Twelve co-financiers

Jointly with twelve European development finance institutions, Swedfund owns the co-financing facility, ICCF (Interact Climate Change Facility), which focuses on financing renewable energy projects in Africa and other places. The co-ownership makes larger investments possible, with wide-ranging expert knowledge in the areas of sustainability and effective financing.

European development finance institutions are responsible for a significant part of all investment in renewable energy in Sub-Saharan Africa. The Lake Turkana Wind Power Project is an example of what can be achieved when we join forces. In autumn 2016, Swedfund contributed an additional SEK 68 million of long-term loan capital to ICCF, part of which is helping finance Africa’s largest wind farm. Complex investments in infrastructure are always challenging. If we are to implement sustainable investments, it is essential that non-financial factors, such as the needs of local people, are treated as an integral part of the project

Significant environmental and social effects

Shortage of electricity and chronic outages in the existing network are harming Kenya’s competitiveness and growth. In response, the Kenyan government launched a large-scale investment programme in 2013, with the goal of increasing installed capacity from 1664 MW to 6664 MW over a four-year period.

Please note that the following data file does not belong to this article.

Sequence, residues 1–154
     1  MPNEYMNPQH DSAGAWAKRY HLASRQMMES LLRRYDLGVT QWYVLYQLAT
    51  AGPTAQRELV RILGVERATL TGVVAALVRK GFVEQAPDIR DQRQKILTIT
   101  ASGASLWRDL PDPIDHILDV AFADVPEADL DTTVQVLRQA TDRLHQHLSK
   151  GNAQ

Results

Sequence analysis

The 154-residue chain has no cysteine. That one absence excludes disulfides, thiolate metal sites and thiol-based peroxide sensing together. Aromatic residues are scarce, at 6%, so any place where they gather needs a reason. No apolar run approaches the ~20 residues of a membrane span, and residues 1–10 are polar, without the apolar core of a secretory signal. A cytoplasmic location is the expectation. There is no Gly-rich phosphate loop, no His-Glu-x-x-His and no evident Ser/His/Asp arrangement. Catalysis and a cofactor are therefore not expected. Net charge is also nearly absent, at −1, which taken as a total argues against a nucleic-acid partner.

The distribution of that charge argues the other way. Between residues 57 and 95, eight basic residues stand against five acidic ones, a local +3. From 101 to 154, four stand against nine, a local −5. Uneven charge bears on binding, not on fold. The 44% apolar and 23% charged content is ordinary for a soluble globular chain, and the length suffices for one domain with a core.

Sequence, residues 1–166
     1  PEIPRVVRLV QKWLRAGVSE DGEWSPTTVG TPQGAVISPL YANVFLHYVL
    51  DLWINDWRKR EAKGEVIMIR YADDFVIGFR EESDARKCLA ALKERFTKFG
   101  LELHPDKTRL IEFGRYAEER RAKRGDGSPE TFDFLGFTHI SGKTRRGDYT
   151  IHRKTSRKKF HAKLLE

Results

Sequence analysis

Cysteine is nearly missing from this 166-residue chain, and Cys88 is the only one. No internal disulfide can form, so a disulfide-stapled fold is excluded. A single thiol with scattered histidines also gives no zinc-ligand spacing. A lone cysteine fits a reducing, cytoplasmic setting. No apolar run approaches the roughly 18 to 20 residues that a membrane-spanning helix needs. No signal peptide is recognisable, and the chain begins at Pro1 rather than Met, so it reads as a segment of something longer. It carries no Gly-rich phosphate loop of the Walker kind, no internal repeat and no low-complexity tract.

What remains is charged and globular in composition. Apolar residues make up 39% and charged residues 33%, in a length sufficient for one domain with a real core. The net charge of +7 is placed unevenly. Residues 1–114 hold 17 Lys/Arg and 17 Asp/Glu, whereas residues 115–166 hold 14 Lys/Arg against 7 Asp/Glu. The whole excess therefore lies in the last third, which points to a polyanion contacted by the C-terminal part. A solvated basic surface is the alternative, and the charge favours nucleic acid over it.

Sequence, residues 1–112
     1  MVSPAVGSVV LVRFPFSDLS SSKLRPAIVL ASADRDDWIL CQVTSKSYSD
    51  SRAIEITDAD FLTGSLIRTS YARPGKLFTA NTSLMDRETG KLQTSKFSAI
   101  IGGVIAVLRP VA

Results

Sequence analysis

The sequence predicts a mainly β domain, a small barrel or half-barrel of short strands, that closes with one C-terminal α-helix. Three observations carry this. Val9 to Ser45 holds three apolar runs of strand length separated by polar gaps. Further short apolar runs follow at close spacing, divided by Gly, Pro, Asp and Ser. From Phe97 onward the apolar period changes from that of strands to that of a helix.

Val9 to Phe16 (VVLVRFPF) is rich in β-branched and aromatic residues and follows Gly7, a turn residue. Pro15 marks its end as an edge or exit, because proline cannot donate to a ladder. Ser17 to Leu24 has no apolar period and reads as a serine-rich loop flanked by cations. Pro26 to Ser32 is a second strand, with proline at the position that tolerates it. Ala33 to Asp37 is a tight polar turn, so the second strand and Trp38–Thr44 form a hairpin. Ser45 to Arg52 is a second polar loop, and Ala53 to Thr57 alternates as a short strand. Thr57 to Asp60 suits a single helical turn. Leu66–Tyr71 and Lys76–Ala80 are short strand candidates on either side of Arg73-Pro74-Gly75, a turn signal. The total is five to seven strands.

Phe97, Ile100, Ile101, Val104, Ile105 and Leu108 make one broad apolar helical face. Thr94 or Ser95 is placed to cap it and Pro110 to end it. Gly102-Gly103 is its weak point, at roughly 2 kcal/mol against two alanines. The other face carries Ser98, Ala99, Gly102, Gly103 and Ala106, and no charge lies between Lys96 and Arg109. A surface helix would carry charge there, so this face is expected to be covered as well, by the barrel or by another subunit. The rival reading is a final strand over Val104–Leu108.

An important part of the programme is the utilisation of renewable sources such as solar, wind, hydro and geothermal energy. Kenya, in common with most other African countries, has good technical conditions for increasing the share of renewable energy generation.  And development finance institutions such as Swedfund can actively contribute to economic and social growth by investing in projects of this type.

365 turbins meet 20% of the demand 

The largest single investment in renewable electricity generation in Kenya is the Lake Turkana Wind Power Project. The 162-square kilometre windfarm in the Great Rift Valley in north-western Kenya is expected to be fully operational during 2017. The 365-turbine windfarm has a total production capacity equivalent to 20 percent of Kenya’s current energy requirements. Over and above the turbines, a 436-kilometre transmission cable is being constructed between the windfarm and Nairobi.

The windfarm will employ 200 people, and the environmental effect will be significant. Clean and cheap electricity generated by wind turbines is expected to reduce carbon dioxide emissions by 382,000 tonnes per year, which is equivalent to the emissions of over 100,000 cars.

ICCF=Interact Climate Change Facility

Facts Kenya:
• 45 million people
• Relatively well developed economy, with agriculture at its core
• Tourism is a significant business sector
• Consisting of over 40 different ethnic groups



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